Electric vehicle (EV) maker Tesla had an eventful day on Monday, with a series of announcements that disappointed investors. The company reported third-quarter deliveries of approximately 430,000 vehicles, missing Wall Street’s expectations by 25,000 units. In contrast, its competitor Rivian Automotive exceeded expectations, selling 15,564 units. Tesla also faced competition from China’s largest EV maker, BYD, which produced more battery-electric vehicles in the third quarter. Despite these challenges, Tesla stock finished up 0.5% as analysts remained optimistic about the company’s demand and future products.
Although Tesla’s delivery numbers fell short, analysts like George Gianarikas of Canaccord and Dan Ives of Wedbush believe that demand for Tesla vehicles remains solid. They are optimistic about the upcoming release of the Cybertruck and the updated Model 3, which they expect to drive sales. Shutdowns during the third quarter impacted Tesla’s production, leading to the delivery miss. However, analysts believe that Tesla’s maintained full-year guidance of 1.8 million units sold demonstrates stabilizing demand. Analysts Pierre Ferragu of New Street Research and Ben Kallo of Baird shared this positive sentiment and maintained their Buy ratings on Tesla stock.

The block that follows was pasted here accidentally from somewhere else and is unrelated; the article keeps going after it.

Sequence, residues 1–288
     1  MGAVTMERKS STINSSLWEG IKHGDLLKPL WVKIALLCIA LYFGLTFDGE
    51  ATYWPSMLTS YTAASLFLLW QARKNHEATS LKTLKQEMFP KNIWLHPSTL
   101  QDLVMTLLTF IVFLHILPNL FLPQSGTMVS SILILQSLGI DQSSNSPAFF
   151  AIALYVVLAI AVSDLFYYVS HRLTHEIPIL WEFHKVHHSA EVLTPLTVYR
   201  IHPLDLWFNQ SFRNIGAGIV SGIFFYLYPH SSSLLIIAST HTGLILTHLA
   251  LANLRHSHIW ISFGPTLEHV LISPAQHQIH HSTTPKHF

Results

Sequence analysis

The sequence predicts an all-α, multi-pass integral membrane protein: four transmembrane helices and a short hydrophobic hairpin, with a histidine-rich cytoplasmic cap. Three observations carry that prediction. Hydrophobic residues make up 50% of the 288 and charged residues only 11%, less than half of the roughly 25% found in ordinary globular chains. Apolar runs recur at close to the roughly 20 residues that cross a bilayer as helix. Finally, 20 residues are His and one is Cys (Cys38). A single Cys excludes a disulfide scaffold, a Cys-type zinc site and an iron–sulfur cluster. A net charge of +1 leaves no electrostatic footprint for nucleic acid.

Not all analysts were as optimistic as their peers. Tom Narayan of RBC pointed out that short delivery times indicate that Tesla’s deliveries match underlying demand. He questioned why deliveries for the higher-priced Model S and Model X vehicles were weak, despite price cuts. However, the majority of analysts maintain a positive outlook on Tesla, dismissing the weaker third-quarter results as a temporary setback. Tesla’s stock has performed well this year, with a 104% increase, though it has declined by 10% over the past three months. As of Tuesday, Tesla stock was down 1.1% in premarket trading.